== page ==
Northern Ireland’s flexible workers are calling time on traditional hospitality and leisure hours
- Northern Ireland’s bars, restaurants and leisure clubs could make a further £191m per annum by adapting opening hours to changing working patterns
- One fifth of workers (20%) are calling for the NI’s food, drink, hotel and gym businesses to change their opening hours
- Demand is being fuelled by almost half (48%) of NI workers who now work extended hours, part-time, flexibly or according to a shift pattern
- 16% of workers expect 24-hour services across the hospitality and leisure sector
As the traditional 9-5 working day becomes less and less common, the times at which people want to go to the pub, grab a meal or work out at the gym are changing. A new report from Barclays shows that although over a quarter of hospitality and leisure businesses recognise this growing demand, opening hours are not keeping up with changes to modern working lives.
The new Barclays Corporate Banking Hospitality and Leisure report, Open All Hours? finds that under half (44%) of Northern Ireland workers now work traditional 9-5 hours, with a fifth (20%) saying they need different opening hours. The report also finds (20%) work long hours and need hospitality services to be open earlier or later. By responding to this demand, across the province restaurants (£40m per annum), takeaways (£74m), and pubs, bars and clubs (£30m) could benefit the most.
Since our leisure time has shifted, a quarter of workers (25%) would like to go to a museum in the evening (between 6pm-11pm), one in ten (10%) film fans would choose to go to the cinema in the small hours (11pm-5am), and almost a third (32%) would like to visit a tourist attraction between 6-11pm. By responding to these changing demands, the UK hospitality sector could benefit from a further £6.75bn1 a year, which equates £191m for Northern Ireland, in increased revenue, according to research from Barclays.
The takeaway service industry is missing out on a £74million order
Takeaway services, on the other hand, have left 30% of Northern Ireland’s workers hungry for more, having been unable to order a takeaway as the business was closed. While digital food delivery services such as Deliveroo and JustEat have provided customers and restaurants with an easy to use platform for home delivery, over one in ten (12%) late-night diners would choose to get a takeaway after closing time (11pm-5am). This opens up the opportunity for takeaway services across Northern Ireland to extend their hours, with customers willing to boost the sector by up to £74m.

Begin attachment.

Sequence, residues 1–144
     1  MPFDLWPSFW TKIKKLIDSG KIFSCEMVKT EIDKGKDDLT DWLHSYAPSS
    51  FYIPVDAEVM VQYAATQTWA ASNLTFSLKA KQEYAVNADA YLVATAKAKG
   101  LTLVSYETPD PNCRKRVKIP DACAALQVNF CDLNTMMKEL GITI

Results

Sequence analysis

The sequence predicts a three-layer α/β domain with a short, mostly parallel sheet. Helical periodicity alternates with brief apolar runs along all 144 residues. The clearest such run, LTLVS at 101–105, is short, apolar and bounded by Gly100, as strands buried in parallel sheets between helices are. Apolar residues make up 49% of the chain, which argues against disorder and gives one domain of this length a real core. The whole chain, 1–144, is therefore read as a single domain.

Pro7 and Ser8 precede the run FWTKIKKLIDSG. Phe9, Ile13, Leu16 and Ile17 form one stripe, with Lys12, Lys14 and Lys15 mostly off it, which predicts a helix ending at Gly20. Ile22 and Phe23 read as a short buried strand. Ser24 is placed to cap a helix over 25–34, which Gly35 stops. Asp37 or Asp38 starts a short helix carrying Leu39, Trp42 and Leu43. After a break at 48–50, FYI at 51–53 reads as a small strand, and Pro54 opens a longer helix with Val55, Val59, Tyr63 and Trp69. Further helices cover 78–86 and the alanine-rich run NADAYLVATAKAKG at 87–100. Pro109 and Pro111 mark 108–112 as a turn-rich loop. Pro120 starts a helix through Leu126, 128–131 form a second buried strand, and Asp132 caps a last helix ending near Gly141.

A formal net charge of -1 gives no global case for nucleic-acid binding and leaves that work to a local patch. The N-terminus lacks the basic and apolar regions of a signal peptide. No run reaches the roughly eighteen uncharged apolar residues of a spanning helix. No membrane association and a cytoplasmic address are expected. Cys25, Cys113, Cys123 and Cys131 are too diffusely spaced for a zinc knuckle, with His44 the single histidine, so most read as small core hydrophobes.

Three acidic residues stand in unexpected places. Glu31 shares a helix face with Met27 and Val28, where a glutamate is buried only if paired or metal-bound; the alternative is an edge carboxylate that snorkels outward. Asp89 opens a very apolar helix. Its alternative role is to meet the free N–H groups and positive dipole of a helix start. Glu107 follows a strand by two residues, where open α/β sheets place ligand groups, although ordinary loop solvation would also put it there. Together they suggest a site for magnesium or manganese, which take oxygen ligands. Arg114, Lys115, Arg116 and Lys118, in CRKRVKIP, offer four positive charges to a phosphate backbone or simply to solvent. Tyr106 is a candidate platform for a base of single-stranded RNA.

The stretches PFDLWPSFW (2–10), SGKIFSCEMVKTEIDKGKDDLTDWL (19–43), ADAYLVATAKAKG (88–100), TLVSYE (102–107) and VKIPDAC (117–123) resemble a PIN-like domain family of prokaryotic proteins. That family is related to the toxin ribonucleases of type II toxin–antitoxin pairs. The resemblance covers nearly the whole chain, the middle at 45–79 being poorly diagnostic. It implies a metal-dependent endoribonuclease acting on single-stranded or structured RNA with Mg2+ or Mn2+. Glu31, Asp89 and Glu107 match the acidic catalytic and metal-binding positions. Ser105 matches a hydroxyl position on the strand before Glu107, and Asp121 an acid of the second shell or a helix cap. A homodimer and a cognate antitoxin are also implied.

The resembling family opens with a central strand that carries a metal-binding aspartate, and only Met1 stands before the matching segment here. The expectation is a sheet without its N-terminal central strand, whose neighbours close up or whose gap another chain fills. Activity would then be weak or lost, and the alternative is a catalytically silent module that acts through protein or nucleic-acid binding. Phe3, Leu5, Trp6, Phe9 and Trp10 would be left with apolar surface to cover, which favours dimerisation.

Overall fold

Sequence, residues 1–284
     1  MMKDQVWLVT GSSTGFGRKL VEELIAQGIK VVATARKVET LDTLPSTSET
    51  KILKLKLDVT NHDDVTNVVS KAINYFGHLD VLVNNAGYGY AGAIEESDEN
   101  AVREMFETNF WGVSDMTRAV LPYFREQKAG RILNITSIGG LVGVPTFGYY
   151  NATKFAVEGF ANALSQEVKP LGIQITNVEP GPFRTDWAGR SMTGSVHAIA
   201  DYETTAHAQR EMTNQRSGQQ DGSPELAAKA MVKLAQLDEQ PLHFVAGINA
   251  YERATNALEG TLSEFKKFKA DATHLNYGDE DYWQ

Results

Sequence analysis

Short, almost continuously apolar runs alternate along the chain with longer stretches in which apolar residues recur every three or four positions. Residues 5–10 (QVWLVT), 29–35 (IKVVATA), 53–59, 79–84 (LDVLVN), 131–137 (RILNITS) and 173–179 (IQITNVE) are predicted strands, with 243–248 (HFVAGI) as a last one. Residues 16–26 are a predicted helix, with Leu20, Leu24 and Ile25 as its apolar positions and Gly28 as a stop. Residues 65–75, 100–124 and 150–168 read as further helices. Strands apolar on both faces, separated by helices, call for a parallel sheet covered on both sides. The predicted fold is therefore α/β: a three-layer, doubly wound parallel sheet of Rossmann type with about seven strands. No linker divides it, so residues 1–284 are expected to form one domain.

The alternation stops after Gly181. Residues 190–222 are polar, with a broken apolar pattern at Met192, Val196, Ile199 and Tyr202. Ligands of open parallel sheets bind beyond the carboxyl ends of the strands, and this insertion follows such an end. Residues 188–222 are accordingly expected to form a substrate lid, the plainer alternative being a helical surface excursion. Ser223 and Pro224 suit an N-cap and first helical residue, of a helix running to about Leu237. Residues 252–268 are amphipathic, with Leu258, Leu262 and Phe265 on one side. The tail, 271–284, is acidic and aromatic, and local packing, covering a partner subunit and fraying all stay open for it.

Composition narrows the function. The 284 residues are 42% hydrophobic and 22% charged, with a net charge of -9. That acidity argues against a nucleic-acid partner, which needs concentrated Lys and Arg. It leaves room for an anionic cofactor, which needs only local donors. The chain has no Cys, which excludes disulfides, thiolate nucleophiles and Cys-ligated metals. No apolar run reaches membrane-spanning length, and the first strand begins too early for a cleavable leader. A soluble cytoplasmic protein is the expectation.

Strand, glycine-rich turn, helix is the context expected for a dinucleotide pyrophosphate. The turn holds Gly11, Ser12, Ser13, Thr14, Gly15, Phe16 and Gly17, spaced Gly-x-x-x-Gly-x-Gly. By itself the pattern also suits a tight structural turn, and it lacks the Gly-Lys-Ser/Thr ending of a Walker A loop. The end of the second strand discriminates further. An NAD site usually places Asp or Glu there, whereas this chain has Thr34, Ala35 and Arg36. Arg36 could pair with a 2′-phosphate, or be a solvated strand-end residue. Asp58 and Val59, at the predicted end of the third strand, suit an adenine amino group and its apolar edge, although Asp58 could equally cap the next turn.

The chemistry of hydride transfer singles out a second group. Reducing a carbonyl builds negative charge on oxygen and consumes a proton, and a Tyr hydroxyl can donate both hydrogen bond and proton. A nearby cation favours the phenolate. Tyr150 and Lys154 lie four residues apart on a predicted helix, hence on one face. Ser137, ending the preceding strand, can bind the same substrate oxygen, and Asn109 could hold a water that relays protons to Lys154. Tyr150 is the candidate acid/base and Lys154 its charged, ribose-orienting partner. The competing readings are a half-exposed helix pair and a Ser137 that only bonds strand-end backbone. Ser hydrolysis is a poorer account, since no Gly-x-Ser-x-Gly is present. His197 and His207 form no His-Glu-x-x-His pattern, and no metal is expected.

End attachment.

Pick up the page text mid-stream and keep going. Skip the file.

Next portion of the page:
Commenting on the report, Adrian Doran, Head of Corporate Banking at Barclays in Northern Ireland, said: “Adapting to the changing consumer demand presents a substantial opportunity for businesses. Our research has shown that leisure operators across Northern Ireland could access a staggering £191m per annum by accommodating their customers’ evolving needs which have been brought on by changing working patterns. While that may be a challenge for some providers, understanding the value of the opportunity makes the prize more tangible.
“The current leisure environment does present a number of challenges for the sector’s businesses; the labour supply is challenged by Brexit, rent increases and food inflation are all set within the context of an incredibly competitive market which is already heavily discounting. However, those that don’t adapt to this type of newly developing consumer demand risk being left behind and in this ever-competitive environment, businesses need to weigh up the value of the long-term opportunity over the cost of the short-term investment.”
Among gyms, sports clubs and hotels for example, over a fifth (23%) of Northern Ireland’s workers would be more likely to use a service if it has an automated check-in/check-out procedure. This suggests that people are more inclined to use services if they know they will be available 24/7.
Pure Gym is one example of an agile business which has recognised shifting demands and adapted its business model to accommodate this changing dynamic. Pure Gym uses PIN-controlled access systems, smart lighting, temperature controls and extensive video monitoring to overcome the staffing issues that deter some businesses from after-hours opening. This has enabled 20% of Pure Gym’s customers to work out during the night.
For services where pre-booking is necessary, online booking is also an incentive as it allows customers to book 24/7. 32% in Northern Ireland say that having the option of an easy to use booking platform would mean they would use hospitality services more often. Receiving notification on their mobile showing services based on their location also makes 13% of customers more likely to choose a service.
Customers in Northern Ireland don’t mind paying over the odds for extended opening hours. Northern Ireland ranks highest with customers willing to pay 2.8% more for cinema with a potential of £12m in additional revenue.
Changing working preferences are adapting how and when we use hospitality services. Customers are looking for both different opening hours as well as continuous access to booking platforms. Although there are barriers to overcome, Barclays research shows there is a £191m opportunity for hospitality businesses that can make the change.